“It’s not too late to chose the right side,” says Kane to Bellamy. Following the events of “Ye Who Enter Here,” Bellamy is misplacing the blame for his girlfriend’s death on both the grounders and himself. My biggest issue from this episode arc is that, after the first act it became predictable. I could see the story telling mechanics shift accordingly beneath every character interaction. Pike holds a Mount Weather memorial, to honor the forty-nine, who were lost during the surprise attack. Kane interrupts to deliver news about their allegiance to the grounder coalition; basically Bellamy is a confused boy, stuck between two bickering father figures. Too bad he hasn’t adopted Clarke’s attitude, “My priority is with the living, not the dead.” Then, maybe he would have chosen Kane’s side. This is not only Bellamy’s decision, but all of Skaikru has a vote to cast in the election. Abby initially believed that Kane would unanimously win the election, after she decided to step down. Both Kane and Abby were previously sent to negotiate a peace with the grounders in Polis. A truce that has been tainted by a betrayal, “This attack by the Ice Nation was against Lexa, not us,” explains Kane. Talk about the wrong time to be “collateral damage in someone else’s war.” Bellamy decides to assist both Pike and his followers in retrieving guns from the armory. Kane prevents them from taking action and locks them in the holding cell. Newly elected Pike then pardons them all from further prosecution and moves forward with his attack plans. “I already have,” says Bellamy and then he stalks off to declare war on a grounder clan ally. Looks like a certain sibling relationship has been unintentionally placed on the chopping block next.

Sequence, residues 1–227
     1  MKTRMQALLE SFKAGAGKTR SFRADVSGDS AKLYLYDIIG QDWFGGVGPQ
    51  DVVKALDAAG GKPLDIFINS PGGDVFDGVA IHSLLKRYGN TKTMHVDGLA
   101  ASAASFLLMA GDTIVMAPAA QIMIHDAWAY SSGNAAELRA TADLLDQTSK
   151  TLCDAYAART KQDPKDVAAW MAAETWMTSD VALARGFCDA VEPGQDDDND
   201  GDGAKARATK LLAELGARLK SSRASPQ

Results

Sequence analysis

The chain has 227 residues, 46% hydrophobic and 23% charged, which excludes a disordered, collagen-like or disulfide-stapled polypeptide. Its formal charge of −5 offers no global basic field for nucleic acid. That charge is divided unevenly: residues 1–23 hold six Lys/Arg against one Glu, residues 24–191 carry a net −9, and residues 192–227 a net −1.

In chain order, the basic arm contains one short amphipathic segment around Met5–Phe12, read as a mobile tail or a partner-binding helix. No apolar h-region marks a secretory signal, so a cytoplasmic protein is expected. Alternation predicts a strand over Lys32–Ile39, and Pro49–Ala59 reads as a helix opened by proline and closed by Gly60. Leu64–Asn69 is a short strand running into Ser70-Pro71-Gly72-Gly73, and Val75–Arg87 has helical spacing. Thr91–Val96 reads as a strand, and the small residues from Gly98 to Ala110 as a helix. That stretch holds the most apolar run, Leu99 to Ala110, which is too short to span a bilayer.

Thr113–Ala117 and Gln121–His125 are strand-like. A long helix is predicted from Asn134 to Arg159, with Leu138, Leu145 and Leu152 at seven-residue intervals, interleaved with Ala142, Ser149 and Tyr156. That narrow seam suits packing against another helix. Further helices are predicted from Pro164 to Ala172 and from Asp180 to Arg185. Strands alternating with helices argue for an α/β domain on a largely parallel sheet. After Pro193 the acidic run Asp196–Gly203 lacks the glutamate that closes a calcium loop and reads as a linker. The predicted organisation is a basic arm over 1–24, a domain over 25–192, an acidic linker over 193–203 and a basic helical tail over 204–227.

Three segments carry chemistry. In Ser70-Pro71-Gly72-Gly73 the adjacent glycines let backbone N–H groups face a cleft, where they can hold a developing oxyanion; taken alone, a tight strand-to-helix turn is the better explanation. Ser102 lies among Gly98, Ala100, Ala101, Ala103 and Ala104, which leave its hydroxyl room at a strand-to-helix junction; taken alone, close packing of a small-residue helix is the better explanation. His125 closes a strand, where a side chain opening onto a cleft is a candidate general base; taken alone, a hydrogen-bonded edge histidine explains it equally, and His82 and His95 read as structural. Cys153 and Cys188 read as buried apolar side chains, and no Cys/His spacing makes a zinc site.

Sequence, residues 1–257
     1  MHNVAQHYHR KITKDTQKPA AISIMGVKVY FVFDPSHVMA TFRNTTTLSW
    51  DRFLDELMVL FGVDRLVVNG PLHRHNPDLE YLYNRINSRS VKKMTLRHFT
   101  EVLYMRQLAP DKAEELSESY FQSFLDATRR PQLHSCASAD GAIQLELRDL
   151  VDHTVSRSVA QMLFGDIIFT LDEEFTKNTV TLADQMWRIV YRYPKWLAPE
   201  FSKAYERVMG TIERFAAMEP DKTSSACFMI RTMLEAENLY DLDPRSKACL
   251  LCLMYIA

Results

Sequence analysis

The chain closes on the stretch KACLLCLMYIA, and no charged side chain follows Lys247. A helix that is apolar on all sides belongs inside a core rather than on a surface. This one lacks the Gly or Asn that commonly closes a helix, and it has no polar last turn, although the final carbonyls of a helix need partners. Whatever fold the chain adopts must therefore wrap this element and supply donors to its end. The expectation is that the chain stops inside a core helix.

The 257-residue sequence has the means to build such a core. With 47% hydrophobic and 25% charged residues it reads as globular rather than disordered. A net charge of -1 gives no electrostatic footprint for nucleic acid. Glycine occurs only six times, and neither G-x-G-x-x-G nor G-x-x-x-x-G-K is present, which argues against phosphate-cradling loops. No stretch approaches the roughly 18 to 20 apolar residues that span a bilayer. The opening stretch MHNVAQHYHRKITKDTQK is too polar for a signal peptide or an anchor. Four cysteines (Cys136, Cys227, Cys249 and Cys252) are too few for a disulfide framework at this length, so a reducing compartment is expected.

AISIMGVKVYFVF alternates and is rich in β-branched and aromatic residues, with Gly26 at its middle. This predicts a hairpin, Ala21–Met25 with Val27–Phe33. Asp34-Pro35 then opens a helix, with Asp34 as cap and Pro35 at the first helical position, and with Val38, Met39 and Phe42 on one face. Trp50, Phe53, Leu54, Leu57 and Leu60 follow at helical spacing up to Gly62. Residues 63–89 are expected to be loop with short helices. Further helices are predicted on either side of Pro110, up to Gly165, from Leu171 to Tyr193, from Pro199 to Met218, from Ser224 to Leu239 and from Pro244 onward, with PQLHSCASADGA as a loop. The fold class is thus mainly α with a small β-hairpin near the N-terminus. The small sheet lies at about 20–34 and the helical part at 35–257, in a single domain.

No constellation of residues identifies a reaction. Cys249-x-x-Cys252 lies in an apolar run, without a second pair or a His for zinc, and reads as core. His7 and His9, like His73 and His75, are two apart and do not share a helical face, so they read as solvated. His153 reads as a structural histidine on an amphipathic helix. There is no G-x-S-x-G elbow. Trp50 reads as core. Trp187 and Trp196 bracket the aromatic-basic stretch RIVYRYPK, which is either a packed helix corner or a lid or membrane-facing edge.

“The Queen is dead, long live the King,” yells Lexa, after re-directing her spear at Queen Nia’s chest. Rewind back to “Remember Me” (2×09), when Lexa tells the story about Costia, “She was captured by the Ice Nation, whose Queen believed she knew my secrets.” Well, there’s certainly more to the story. Hopefully, King Roan will be able to explain to both us and Clarke later this season. What’s Lexa hiding? I believe it will either go back to the Night Bloods, her “agenda” with Titus, or both. Prince Roan’s banishment could even relate back to Coastia. He could have been the one to take her away from Lexa in the first place. Really, I am just happy to see not only Roan survive the trial by combat, but become “King of Azgeda.” Perfect. He’ll discover “the last mountain man,” the true culprit for the latest Mount Weather tragedy and bring him to justice; at least send him to Wanheda for prosecution. “Blood must have blood,” well that’s easily achieved when seeking vengeance on an enemy, but what happens if an ally betrays you? Next episode “Hakeldama” (3×05), we’ll learn about the fallout from Bellamy’s decision to follow Pike’s order to attack the grounder protection unit. More importantly, Jaha (Isaiah Washington) returns to Arkadia; hopefully he brought A.L.I.E. too!